North Babylon native Billy Hayes, a former drug smuggler whose nightmarish incarceration in Turkey was portrayed in the 1978 film "Midnight Express," is pitching to publishers a compilation of letters he wrote his parents from prison - and he says while going through them was unsettling, it was cathartic, too.
"There's a very interesting arc to the letters," said Hayes, 63, who spoke this week from his California home. "As soon as I started reading them again - and you've got to understand, these are crazy letters, which I wrote from jail out of need, desperation, insanity - it was like I was transported back there, to that prison cell. The smells, the sounds. I could feel the blanket beneath, could see the cell."
Rereading his letters, Hayes said, he wondered who was the "idiot" writing them.
"I was in my 20s," he said. "I think back now, 'What do you think you know about life?' "
Getting together the letters, as well as the airing of a new docudrama, has helped Hayes turn a fresh eye on the past. On June 30, the National Geographic Channel showed "The Real Midnight Express," an updated - and, Hayes said, more accurate - version of his hellish story, part of the channel's docudrama series "Locked Up Abroad."
Harper Collins and National Geographic books are considering his collection of letters, tentatively titled "Letters from a Turkish Prison: 1970-1975," Hayes said. He has also put together a one-man play, "Riding the Midnight Express."
He says his main income sources are writing, acting and playing poker.
Hayes was a student at Marquette University in Wisconsin when he was caught attempting to smuggle 4.3 pounds of hashish out of Turkey in 1970 and received a 4-year sentence.
In 1973, a judge apologetically sentenced Hayes to an additional 30 years amid a political dispute over U.S. aid to Turkey.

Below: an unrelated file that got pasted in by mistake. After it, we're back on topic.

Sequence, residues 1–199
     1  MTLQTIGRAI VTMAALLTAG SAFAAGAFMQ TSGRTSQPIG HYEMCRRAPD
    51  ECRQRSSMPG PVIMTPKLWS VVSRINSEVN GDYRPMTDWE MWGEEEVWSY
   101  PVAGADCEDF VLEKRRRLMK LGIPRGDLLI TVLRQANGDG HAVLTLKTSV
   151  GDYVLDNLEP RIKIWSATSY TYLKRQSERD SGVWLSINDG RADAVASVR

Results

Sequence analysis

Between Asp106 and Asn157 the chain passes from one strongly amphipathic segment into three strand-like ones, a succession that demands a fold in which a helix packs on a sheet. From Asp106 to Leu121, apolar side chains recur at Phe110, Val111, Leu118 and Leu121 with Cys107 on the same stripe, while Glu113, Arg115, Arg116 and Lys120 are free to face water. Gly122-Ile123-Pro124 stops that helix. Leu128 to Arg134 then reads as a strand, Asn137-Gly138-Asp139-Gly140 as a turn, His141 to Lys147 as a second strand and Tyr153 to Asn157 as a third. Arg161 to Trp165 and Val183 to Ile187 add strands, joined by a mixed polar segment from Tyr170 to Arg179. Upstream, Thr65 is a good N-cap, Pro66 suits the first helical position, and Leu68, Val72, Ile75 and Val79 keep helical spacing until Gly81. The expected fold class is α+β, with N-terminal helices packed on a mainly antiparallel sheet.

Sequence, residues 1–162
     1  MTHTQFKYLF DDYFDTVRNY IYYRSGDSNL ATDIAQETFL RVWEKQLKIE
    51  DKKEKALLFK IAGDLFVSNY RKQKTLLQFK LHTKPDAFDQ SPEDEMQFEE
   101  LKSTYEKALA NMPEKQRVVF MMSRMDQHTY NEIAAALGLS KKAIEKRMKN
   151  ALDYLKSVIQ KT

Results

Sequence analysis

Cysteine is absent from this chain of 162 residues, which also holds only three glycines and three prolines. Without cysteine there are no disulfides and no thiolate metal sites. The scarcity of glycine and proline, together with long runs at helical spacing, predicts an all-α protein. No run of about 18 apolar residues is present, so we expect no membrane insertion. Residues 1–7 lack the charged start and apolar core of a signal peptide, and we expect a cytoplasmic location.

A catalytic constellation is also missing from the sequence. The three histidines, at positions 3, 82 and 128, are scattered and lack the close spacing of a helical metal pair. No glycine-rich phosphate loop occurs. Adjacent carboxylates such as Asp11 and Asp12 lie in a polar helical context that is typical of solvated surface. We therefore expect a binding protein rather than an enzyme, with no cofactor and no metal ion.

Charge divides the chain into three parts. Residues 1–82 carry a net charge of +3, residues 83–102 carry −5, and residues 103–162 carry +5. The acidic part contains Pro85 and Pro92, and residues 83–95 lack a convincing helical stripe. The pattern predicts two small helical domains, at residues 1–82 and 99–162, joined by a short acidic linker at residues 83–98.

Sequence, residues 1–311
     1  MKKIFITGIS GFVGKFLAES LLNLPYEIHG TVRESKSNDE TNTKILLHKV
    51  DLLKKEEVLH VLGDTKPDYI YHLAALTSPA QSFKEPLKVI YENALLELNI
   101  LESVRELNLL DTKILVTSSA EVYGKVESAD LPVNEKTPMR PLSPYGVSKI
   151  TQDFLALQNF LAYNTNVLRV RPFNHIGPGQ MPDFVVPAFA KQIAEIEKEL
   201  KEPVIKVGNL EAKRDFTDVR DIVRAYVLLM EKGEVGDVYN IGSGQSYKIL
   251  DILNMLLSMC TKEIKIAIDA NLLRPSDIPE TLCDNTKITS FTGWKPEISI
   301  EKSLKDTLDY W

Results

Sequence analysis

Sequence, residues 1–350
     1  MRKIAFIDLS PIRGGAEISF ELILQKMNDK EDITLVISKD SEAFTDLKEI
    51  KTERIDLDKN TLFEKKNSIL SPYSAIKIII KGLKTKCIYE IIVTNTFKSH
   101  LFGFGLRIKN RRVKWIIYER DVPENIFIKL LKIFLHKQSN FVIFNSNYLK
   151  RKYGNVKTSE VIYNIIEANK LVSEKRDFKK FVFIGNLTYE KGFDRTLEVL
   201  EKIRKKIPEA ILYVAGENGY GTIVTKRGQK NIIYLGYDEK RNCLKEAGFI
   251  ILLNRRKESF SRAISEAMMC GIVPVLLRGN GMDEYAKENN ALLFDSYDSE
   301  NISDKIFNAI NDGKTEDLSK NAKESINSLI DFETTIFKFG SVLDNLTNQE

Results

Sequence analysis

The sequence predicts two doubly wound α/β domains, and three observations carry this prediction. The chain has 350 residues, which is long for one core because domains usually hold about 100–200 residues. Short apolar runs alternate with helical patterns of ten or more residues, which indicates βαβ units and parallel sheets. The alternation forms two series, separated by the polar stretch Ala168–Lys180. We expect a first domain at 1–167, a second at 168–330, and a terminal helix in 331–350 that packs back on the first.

In the movie, Brad Davis, playing Hayes, uses the moment to curse all Turks. In real life, Hayes says now, that never happened.
"I actually loved Istanbul, loved Turkey," he said. "The Turkish people always treated me well and I really loved the country until I was arrested. But that didn't change my opinion of the people."
When the Turkish National Police invited him to speak at the Second Istanbul Conference on Democracy and Global Security three years ago, he used the moment to apologize for how the country was negatively portrayed.
"It's been nice to tell the real story my way," Hayes said - like the fact he didn't kill a prison guard to escape, as shown in the movie.
"The hardest thing was how much it hurt my family," he said of the prison ordeal. "In prison, you have the dirt, the violence. You learn to live with that.
"But the fact that my dad and my mom . . . knowing that every night they went to bed thinking about it . . . I've considered that a lot since."
The best thing about telling his story, Hayes said, is it has helped him deal with it. He's hoping the book will give readers a sense of what he went through and how he's changed.
"It's liberating," he said of getting older. "You get comfortable in your own skin. It's nice."